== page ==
• the public monopoly extends to lottery games and the holder is engaged in intensive advertising campaigns for lottery games, emphasising the need to finance social, cultural or sporting activities to which the profits are allocated, thereby making it appear that maximisation of the profits destined for such activities is becoming an end in itself of the restrictive measures concerned;
  • the development and marketing of addictive games by the monopoly holder;
  • the public authorities are developing or tolerating policies of expanding supply of casino games and automated games, despite the fact that they present a higher risk of addiction than bets on sporting competitions;
  • the public authorities tolerate the offering of new possibilities of casino games on the Internet;
  • the relaxation, by the public authorities, of the conditions in which automated games may be exploited in establishments other than casinos, such as gaming arcades, restaurants, cafes and places of accommodation;
  • restrictions on how often per week or per day games are on offer, restrictions on the number of outlets which offer games of chance and on sales and marketing activities of the outlets, as well as restrictions on advertising and development of new games (from the owner of an exclusive licence);
  • the extent and effect of marketing and development of the games of chance, inter alia, how much the owner of an exclusive licence spends in that regard as well as the form or content of the marketing and the susceptibility of the targeted groups;
  • the fact whether the advertising of the gambling and betting services is rather more informative than evocative in nature;
  • the fact that the number of casinos has risen from 66 to 81 in 6 years;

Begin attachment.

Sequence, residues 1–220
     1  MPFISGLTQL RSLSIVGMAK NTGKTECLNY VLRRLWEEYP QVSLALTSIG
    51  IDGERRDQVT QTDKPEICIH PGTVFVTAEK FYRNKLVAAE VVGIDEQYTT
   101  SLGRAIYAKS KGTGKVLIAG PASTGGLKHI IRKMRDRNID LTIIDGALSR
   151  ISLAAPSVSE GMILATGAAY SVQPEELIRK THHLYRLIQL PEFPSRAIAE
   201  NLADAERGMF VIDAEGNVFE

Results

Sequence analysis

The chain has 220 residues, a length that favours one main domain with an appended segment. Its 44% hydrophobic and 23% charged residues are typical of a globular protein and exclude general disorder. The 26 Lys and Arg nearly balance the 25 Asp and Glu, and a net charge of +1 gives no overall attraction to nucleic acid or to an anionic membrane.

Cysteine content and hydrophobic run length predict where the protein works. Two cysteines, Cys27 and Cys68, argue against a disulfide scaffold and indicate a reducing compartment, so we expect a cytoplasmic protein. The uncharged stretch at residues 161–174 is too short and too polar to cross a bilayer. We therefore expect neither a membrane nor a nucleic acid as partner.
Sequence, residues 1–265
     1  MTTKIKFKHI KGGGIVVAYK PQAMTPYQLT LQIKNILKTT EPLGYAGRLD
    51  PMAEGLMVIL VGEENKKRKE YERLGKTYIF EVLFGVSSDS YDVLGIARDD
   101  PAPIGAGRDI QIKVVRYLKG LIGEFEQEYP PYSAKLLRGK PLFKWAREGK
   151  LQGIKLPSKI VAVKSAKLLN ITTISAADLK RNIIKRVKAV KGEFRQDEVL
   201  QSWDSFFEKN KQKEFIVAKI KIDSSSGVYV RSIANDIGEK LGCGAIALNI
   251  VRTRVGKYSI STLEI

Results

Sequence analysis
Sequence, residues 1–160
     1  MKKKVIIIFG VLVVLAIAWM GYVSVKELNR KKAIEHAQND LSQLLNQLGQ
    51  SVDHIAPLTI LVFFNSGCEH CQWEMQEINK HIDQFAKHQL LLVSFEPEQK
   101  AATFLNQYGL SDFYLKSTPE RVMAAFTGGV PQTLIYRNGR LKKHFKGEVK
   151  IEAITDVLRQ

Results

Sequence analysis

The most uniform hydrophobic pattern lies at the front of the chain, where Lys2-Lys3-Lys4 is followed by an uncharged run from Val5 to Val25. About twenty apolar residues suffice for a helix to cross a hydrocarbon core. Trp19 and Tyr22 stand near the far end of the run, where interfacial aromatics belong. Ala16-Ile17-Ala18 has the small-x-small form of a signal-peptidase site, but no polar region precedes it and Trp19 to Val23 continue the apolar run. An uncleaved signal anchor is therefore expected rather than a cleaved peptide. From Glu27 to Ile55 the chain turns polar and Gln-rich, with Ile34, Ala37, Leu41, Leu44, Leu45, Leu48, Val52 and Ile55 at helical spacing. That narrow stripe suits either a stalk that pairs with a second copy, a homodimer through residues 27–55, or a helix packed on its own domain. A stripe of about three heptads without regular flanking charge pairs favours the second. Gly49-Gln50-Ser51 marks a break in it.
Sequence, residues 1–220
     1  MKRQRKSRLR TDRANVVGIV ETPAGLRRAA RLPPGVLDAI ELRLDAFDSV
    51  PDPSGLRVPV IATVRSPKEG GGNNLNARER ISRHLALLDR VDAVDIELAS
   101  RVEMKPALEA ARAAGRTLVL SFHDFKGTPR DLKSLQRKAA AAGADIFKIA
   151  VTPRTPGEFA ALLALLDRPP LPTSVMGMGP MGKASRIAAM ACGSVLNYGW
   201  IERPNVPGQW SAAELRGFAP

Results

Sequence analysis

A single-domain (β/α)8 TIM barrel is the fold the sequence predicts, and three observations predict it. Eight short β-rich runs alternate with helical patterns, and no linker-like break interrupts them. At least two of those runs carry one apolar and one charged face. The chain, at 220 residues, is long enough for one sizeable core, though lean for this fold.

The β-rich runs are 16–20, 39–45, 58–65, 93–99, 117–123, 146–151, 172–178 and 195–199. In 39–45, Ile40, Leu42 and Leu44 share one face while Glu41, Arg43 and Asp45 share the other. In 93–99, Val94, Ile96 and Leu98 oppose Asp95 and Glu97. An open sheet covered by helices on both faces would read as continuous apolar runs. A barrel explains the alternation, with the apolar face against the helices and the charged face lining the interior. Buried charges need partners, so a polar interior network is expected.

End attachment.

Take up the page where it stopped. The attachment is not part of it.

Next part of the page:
• the fact that the exclusive right holder makes use of sustained and growing advertising for its products, including on the internet, is increasing the number of outlets for betting and for the products offered to bettors, and uses a commercial strategy seeking to draw in new audiences for the betting offered.

More specifically in the context of the objective to draw players from illegal gambling to controlled channels, the CJEU has considered a number of features related to advertising, relevant for the assessment of the commercial policy of the holder of the monopoly:

  • any advertising by the holder of a public monopoly must remain measured and strictly limited to what is necessary in order thus to channel consumers towards controlled gaming networks. Such advertising cannot aim to encourage consumers’ natural propensity to gamble by stimulating their active participation in it. Examples are trivialising gambling or giving it a positive image because revenues derived from it are used for activities in the public interest, or increasing the attractiveness of gambling by means of enticing advertising messages holding out the prospect of major winnings. (Stoß and Others, par. 103; Dickinger and Ömer, par. 68.)
  • in particular, a distinction should be drawn between strategies of the holder of a monopoly which are intended solely to inform potential customers of the existence of products and serve to ensure regular access to games of chance by channelling gamblers into controlled circuits, and those which invite and encourage active participation in such games. A distinction must therefore be drawn between a restrained commercial policy seeking only to capture or retain the existing market for the organisation with the monopoly, and an expansionist commercial policy whose aim is to expand the overall market for gaming activities. (Dickinger and Ömer, par. 69. Advocate-General Mazák concluded in the Stanleybet International & Sportingbet case that it is apparent from the observations referred to the Court that the expansionist commercial policy pursued by the monopolist OPAP and the exclusive right granted to it are “manifestly inconsistent” with the purported objective of reducing the betting and gaming opportunities in that Member State, see par. 51 of his Opinion)